A UCLA study confirms that sensitivity to emotional pain resides in the same area of the brain as physical pain – they can hurt equally. Our reaction to pain is influenced by genetics. If we have increased sensitivity to physical pain, we’re more vulnerable to feelings of rejection. Moreover, love stimulates such strong feel-good neuro-chemicals that rejection can feel like withdrawal from a drug, says anthropologist Helen Fisher. It can compel us to engage in obsessive thinking and compulsive behavior. This proved true even for tsetse flies in lab experiments. (See “Obsessions and Love Addiction.“) more
Many people, especially codependents, are haunted by inner loneliness. Twenty percent (60 million) of Americans report that loneliness is the source of their suffering. In fact, our emotional reaction to rejection emanates from the area of our brain (the dorsal anterior cingulated) that also responds to physical pain. (Cacioppo and Patrick, 2008)
Loneliness is associated with living alone, which surveys indicate has steadily risen to 27 percent in 2013 and to 50 percent and higher in parts of Florida, West Virginia, and especially California. However, being alone only describes a physical condition. We don’t always feel lonely when we’re alone. Individual needs for connection vary. Some people choose to live solo and are happier doing so. They don’t suffer the same sense of abandonment caused by the unwanted loss of a partner through a break-up, divorce, or death. They may also have greater inherited insensitivity to social disconnection, according to recent research. more
Dysthymia or chronic depression is a common symptom of codependency; however, many codependents aren’t aware that they’re depressed. Because the symptoms are mild, most people with chronic depression wait ten years before seeking treatment.Dysthymia doesn’t usually impair daily functioning, but it can make life feel empty and joyless. Sufferers have a diminished capacity to experience pleasure and may withdraw from stressful or challenging activities. Their emotions are dulled, though they may feel sad or melancholy or be irritable and anger easily. Unlike with major depression, they’re not incapacitated, yet they may have difficulty trying new things, socializing, and advancing in their career. Some may believe that their lack of drive and negative mood is part of their personality, rather than that they have an illness. Like codependency, dysthymia causes changes in thinking, feelings, behavior, and physical well-being.
We’re wired for attachment – why babies cry when separated from their mothers. Depending especially upon our mother’s behavior, as well as later experiences and other factors, we develop a style of attaching that affects our behavior in close relationships.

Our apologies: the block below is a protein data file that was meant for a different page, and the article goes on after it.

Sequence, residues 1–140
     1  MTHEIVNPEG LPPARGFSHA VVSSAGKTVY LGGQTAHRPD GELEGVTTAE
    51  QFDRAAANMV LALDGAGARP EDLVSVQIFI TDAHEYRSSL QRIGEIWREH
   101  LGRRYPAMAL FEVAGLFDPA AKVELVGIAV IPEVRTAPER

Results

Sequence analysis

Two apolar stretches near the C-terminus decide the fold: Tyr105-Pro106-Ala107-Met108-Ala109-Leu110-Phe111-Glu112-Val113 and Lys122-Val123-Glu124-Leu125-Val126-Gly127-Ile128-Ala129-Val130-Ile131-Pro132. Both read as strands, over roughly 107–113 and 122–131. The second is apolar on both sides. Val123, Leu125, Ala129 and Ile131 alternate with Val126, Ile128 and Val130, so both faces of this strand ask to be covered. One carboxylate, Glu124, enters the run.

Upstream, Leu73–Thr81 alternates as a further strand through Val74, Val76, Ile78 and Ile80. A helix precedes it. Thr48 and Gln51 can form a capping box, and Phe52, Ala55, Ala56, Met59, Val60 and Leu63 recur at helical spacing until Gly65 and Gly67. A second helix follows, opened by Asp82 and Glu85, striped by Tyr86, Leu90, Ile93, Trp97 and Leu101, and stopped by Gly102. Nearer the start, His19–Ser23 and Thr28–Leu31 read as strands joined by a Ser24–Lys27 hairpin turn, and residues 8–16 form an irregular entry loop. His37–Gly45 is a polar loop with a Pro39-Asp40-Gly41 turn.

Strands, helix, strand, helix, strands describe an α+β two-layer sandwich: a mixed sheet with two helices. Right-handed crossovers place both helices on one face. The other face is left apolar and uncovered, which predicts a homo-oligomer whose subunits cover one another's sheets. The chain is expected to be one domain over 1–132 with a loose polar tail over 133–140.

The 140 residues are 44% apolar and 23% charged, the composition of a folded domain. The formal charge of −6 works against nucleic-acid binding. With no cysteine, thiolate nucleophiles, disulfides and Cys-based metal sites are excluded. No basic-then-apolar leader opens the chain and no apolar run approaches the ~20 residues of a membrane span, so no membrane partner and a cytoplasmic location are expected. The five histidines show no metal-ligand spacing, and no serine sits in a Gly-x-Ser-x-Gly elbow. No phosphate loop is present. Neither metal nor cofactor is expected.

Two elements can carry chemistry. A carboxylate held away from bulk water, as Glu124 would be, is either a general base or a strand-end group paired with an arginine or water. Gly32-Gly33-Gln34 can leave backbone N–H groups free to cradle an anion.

Fortunately, most people have a secure attachment, because it favors survival. It ensures that we’re safe and can help each other in a dangerous environment. The anxiety we feel when we don’t know the whereabouts of our child or of a missing loved one during a disaster, as in the movie “The Impossible,” isn’t codependent. It’s normal. Frantic calls and searching are considered “protest behavior,” like a baby fretting for its mother. more
There are three million cases of domestic violence reported each year. Many more go unreported. Emotional abuse precedes violence, but is rarely discussed. Although both men and women may abuse others, an enormous number of women are subjected to emotional abuse. Unfortunately, many don’t even know it.
Why is Emotional Abuse Hard to Recognize?
Emotional abuse may be hard to recognize, because it can be subtle, and abusers often blame their victims. more
Anxiety is apprehension of experiencing fear in the future. The danger feared isn’t imminent and may not even be known or realistic. In contrast, fear is an emotional and physical reaction to a present, known threat. Anxiety is typically characterized by obsessive worry and an inability to concentrate that may affect our sleep.
It can trigger a full-blown fight-flight-or-freeze response of our sympathetic nervous system that prepares us to meet real danger; however, a big difference between fear and anxiety is that because anxiety is an emotional response to something that hasn’t occurred, there is nothing to fight or flee. Therefore, tension builds up inside our body, but there is no action we can take to release it. Instead, our mind goes round and round, replaying possibilities and scenarios. more
We all experience guilt from time to time. But many of us have a hard time letting go of it and find it difficult to forgive ourselves, even though we may readily forgive others. First of all, it’s important to recognize whether our guilt is true or false. Just because we feel guilty, that doesn’t mean we are. Feelings aren’t facts. And even if our guilt is “true”–that we’ve morally transgressed, we’re still worthy and capable of forgiveness.